J.J. Hardy is in the last year of his contract with the Orioles. Machado is a severe risk to turn back into a shortstop, That does not make him a bad investment, but you may have to trade him to get a four star third baseman after this year.
I don't suppose Manny Machado is considered out of position any more.
This is interesting if the site's primary fantasy advice came in the form of PECOTA, but it does not. Generally, it advises in standard 5x5 and we are left to modify from there. So, how would we modify a 5x5 value from a columnist to revalue players for new categories?
This also has the problem that some categories are direct linear combinations of others (as opposed to implicitly being connected). If my league adds TB, then it is HR + other stuff. If my league adds SLG it is BA + other stuff, including HR. So in one case an original category gets double-weight. (As it is in 5x5, there is some express double-weighting because each HR has 1 run and at least 1 RBI, and the HR adds to BA.)
Regarding holds for the pitchers, nothing in the earlier pitcher numbers accounts for holds. The category is 100% a new stat.
So, I am not up to your level with these stats, what is your advice?
As I recall, Bob Boone learned to hit late. The strangest things can happen to catchers.
This qualifying offer is a proxy for "losing a player better than level X." The problem with a proxy is that it is never as good as the real thing. Another with a single-level system is it has cliff effects. On the other hand, it is easy to administer.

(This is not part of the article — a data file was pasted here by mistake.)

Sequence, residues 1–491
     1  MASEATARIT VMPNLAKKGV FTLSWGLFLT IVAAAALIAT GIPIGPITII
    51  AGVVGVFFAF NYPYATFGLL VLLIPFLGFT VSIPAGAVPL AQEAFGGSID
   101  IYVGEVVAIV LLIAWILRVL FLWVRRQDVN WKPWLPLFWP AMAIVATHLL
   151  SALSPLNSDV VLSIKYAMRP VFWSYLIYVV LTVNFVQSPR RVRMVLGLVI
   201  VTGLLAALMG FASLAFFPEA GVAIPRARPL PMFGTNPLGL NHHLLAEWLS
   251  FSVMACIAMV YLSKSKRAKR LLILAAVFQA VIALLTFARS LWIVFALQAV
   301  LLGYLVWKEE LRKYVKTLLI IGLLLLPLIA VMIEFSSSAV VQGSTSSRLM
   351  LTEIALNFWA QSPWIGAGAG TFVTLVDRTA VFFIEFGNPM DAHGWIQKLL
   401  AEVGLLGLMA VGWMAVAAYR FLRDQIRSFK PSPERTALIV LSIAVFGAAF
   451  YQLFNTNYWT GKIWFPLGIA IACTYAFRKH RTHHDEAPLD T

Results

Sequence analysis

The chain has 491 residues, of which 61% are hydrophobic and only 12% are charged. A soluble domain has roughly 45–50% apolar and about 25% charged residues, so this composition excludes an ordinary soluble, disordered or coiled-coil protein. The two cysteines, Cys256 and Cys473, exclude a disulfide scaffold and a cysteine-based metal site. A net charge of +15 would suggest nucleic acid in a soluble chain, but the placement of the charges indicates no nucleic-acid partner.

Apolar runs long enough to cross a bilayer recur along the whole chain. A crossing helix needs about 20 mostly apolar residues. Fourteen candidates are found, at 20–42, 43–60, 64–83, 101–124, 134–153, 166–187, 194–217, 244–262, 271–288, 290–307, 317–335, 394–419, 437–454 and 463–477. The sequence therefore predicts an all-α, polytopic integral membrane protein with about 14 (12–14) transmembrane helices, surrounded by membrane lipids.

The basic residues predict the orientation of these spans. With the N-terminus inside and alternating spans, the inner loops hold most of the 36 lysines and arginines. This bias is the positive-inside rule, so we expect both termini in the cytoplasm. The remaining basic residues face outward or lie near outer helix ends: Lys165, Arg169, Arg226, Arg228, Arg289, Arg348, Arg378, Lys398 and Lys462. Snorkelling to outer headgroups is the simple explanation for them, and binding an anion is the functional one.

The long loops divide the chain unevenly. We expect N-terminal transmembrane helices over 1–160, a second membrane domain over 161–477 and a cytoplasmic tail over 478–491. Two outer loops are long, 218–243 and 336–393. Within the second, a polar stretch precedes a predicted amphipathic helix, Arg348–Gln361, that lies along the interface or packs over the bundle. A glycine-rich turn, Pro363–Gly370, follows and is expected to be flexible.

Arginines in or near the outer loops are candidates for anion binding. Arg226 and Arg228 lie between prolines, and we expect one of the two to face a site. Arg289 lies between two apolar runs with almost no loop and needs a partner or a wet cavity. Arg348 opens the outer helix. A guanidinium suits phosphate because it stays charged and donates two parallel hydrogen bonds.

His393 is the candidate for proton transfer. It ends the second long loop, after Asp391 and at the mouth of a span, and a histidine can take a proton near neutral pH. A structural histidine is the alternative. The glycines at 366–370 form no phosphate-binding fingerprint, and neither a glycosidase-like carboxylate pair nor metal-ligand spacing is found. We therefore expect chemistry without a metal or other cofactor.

What the system should do is admit that large market clubs sign several players to big contracts, and smaller market clubs sign only a few to big contracts. Only the large market clubs usually do the monster super-size contracts, and certainly only a couple do multiples of those.
What the small market clubs need in exchange for feeding that are draft picks. The salary cap tax system needs to move draft picks as well as money. The Yankees can do what the Yankees do, but pretty much operate without anything resembling a decent farm system. Meanwhile, Milwaukee, Baltimore, Tampa, etc. operate on oversize farm systems. If you want a cost-controlled player, you have to go to a mid- or small-market club.
I have a hard time thinking that the Orioles end up with Maholm over Kazmir. Duquette seems to like guys he can dream of bounce-back on, like McLouth. Maholm is too good for a minor league deal, which would seem to be the kind of thing Duquette would do with the kind of player Maholm is, though he could never do it with the quality of player Maholm is.
As usual, the answer is... it depends.
When I am playing fantasy, I really do not care how good the player is in theory. If he is assigned high leverage situations, I don't want that sorted out. After all, I seek out players who are placed in high-leverage situations.
If I am asking who the best ballplayers are, who makes the most of the opportunities, then I want the de-leveraged values. Comparing second basemen who bat second on one team and sixth on another really requires de-leveraging.